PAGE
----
TRUMP: If you look at President Obama and other presidents, most of them didn't make calls; a lot of them didn't make calls. I like to call when it's appropriate when I think I'm able to do it. They have made the ultimate sacrifice, so generally, I would say that I like to call. I'm going to be calling them, I wouldn't let a little time to pass, I'm going to be calling them. I have, as you know since I've been president, I have. But in addition, I actually wrote letters individually to the soldiers we're talking about, and they're going to be going out either today or tomorrow. (END VIDEO CLIP)

VAUSE: OK. A lot of Democrats who work for President Obama reacted angrily to that. This is former Attorney General, Eric Holder, he tweeted: "Stop the damn lying -- - you're the President. I went to Dover AFB with 44 (Obama), and saw him comfort the families of both the fallen military & DEA (Drug Enforcement Agency." But you know, John, again, what you have is the president of the United States in the rose garden behind the podium with the presidential seal making stuff up. I mean, because he did try to walk it back later in that news conference, and he just made it up.

THOMAS: Well, I mean, he shouldn't have said it.

VAUSE: But he did. He does it all the time.

THOMAS: It was the case of foot in mouth disease. I mean, there's no doubt about it. The good news is, we're out here to fact check him. Everyone knows that not just President Obama, but President Bush, and President Clinton, this is one of the roles of commander in chief, is to call and console family members of service members who we've lost. So, you could see Trump as a stream of consciousness. I think what he was getting at is that this is a very important thing to him, and the values this component of his job. He's doing it better than it's ever been done before.

VAUSE: It's not a contest.

THOMAS: No, it's not. But he's saying how important -- he's trying to transcend how important it is. Now, why does go off on this tangent? I have no idea.

[01:25:36] SESAY: Well, let me read you the White House statement put out by Sarah Sanders, the Press Secretary. She said, "The president wasn't criticizing predecessors, he's stating a fact. When American heroes make the ultimate sacrifice, president's pay their respect, sometimes they call, sometimes they sent a letter, other times they have the opportunity to meet family members in person. This president, like his predecessors, has done each of these. Individuals claiming former presidents, such as their bosses, called each family of the fallen are mistaken." It's kind of --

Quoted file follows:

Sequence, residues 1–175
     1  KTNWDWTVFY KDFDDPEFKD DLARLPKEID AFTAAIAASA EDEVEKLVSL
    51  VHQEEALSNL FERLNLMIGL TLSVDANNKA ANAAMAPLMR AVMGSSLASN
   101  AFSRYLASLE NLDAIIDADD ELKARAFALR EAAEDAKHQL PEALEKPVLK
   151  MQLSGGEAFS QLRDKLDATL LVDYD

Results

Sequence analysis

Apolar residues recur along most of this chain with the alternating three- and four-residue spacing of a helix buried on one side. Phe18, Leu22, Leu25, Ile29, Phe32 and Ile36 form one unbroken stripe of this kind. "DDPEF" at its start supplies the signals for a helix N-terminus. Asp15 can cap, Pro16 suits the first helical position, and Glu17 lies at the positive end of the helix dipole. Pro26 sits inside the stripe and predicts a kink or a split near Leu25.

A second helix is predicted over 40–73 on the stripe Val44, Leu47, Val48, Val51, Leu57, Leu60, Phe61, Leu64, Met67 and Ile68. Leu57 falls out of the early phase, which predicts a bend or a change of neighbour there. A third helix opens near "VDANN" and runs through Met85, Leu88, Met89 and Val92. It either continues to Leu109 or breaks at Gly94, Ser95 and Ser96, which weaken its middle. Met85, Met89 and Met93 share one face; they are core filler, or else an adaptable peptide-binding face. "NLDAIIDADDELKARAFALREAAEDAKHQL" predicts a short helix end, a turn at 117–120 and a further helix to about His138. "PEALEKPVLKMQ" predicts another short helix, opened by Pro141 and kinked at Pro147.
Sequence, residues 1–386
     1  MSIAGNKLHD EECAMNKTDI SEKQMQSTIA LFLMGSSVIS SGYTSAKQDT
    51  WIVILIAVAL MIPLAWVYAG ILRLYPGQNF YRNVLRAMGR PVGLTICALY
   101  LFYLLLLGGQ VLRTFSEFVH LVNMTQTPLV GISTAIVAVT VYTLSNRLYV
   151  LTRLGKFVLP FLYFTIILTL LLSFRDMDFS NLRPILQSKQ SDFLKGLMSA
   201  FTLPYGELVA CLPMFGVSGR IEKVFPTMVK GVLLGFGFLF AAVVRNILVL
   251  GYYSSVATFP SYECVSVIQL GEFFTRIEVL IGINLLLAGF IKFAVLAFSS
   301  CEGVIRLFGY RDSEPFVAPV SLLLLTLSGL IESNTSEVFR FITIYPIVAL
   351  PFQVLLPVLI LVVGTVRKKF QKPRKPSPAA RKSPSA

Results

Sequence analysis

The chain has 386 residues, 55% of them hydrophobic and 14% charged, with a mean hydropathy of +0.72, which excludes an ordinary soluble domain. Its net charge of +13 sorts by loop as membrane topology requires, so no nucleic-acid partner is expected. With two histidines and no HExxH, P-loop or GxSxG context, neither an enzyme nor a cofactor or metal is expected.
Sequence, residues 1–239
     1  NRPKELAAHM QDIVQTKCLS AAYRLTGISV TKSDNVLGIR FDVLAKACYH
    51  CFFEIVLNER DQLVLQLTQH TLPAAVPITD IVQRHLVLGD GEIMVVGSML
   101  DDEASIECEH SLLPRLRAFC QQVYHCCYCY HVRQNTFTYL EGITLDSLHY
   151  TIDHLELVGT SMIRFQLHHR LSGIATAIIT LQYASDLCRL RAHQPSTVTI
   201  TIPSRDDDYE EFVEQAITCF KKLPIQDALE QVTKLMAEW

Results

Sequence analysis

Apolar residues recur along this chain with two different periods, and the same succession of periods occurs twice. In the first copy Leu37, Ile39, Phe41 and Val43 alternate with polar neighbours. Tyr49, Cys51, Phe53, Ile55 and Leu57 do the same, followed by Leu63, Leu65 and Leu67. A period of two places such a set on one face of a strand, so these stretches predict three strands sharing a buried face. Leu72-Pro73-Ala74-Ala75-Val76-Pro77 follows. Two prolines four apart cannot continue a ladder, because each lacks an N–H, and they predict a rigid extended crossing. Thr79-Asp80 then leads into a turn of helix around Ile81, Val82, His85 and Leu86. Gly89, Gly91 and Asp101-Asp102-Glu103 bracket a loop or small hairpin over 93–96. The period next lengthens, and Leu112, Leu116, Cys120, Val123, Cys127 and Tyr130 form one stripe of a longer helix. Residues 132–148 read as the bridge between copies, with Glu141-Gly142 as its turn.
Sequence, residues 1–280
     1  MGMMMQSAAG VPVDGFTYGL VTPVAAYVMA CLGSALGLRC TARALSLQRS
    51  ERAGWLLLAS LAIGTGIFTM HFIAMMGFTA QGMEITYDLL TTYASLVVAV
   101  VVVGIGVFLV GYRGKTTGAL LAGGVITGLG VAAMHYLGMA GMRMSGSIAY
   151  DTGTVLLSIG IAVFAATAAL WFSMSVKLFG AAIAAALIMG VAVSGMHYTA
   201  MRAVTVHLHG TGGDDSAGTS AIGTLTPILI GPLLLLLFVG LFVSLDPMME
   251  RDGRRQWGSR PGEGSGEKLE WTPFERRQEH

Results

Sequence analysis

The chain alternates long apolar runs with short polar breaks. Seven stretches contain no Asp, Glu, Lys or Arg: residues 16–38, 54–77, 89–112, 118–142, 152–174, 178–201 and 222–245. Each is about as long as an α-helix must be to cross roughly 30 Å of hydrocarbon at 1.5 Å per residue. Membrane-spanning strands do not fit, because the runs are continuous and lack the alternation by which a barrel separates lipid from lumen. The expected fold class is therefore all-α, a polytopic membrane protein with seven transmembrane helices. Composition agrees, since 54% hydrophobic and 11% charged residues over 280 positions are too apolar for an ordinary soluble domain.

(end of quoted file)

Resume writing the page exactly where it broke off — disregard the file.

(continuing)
VAUSE: Some spin.

SESAY: Yes, as we've been saying, he's kind of passing, it's --

THOMAS: As the play is com shop -- you know, parsing words.

SESAY: Dave?

JACOBSON: You know, when I heard this earlier today, it made me think back about Donald Trump's response initially after Charlottesville where he said, hold on, I don't want to respond to anything until I get all the facts. Well, presidential politics 101, get the facts before you talk in the rose garden with the presidential seal on the podium. SESAY: -- something like this.

JACOBSON: Definitely compare a basic thing, is like, to not lie about something like that about -- and to exploit our service members. This is an issue that Donald Trump campaign on 2016; he's the military guy. I mean, the guy was silent for 10 days as commander in chief, he should've spoken out earlier.

VAUSE: OK. Well, Republican Senator John McCain, obviously, delivered a medal a few hours ago out so many, given by the National Constitution Center. He had a few things to say.